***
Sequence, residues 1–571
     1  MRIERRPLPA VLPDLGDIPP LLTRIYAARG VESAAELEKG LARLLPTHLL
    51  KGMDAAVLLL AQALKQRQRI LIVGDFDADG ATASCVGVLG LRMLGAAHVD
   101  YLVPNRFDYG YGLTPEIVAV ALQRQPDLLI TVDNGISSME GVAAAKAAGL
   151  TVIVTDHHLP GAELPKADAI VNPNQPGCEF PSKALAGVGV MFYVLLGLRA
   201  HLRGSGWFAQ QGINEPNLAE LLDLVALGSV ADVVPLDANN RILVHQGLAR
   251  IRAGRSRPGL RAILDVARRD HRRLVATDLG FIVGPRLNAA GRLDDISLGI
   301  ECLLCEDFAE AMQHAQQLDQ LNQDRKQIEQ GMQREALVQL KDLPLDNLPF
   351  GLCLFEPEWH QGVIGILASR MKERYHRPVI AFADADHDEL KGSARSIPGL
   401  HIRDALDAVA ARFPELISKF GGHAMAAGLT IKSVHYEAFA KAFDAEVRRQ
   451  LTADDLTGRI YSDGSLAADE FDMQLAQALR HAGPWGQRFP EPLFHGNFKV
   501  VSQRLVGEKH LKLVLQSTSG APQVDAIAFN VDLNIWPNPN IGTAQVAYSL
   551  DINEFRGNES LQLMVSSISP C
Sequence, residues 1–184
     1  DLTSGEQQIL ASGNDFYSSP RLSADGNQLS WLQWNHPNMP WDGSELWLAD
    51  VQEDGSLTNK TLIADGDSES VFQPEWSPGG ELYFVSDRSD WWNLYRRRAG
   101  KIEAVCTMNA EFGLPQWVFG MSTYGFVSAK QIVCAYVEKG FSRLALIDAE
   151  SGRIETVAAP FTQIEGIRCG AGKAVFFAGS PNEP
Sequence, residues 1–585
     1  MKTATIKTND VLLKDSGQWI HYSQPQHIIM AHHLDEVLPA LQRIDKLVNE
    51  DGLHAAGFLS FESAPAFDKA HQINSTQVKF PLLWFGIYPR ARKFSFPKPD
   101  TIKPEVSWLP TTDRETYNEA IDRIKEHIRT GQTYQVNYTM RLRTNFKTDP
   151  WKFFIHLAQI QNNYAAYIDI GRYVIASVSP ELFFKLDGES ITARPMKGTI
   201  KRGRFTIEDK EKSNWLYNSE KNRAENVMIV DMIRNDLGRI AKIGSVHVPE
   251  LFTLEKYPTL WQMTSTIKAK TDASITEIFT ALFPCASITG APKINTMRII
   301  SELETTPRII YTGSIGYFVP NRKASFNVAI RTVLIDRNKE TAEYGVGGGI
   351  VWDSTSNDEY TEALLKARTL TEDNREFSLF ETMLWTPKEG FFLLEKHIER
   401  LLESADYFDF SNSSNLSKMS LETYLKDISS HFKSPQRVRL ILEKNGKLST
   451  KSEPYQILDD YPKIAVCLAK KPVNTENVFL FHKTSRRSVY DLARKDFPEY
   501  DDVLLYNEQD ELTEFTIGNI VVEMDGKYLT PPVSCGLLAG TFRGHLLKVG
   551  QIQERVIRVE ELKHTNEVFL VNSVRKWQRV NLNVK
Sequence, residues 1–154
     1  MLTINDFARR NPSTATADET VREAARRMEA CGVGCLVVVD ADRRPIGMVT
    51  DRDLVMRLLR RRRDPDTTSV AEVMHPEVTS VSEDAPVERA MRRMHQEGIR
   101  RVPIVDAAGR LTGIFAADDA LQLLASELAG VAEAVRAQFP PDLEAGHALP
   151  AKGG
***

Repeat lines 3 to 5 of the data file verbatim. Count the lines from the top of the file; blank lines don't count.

    51  KGMDAAVLLL AQALKQRQRI LIVGDFDADG ATASCVGVLG LRMLGAAHVD
   101  YLVPNRFDYG YGLTPEIVAV ALQRQPDLLI TVDNGISSME GVAAAKAAGL
   151  TVIVTDHHLP GAELPKADAI VNPNQPGCEF PSKALAGVGV MFYVLLGLRA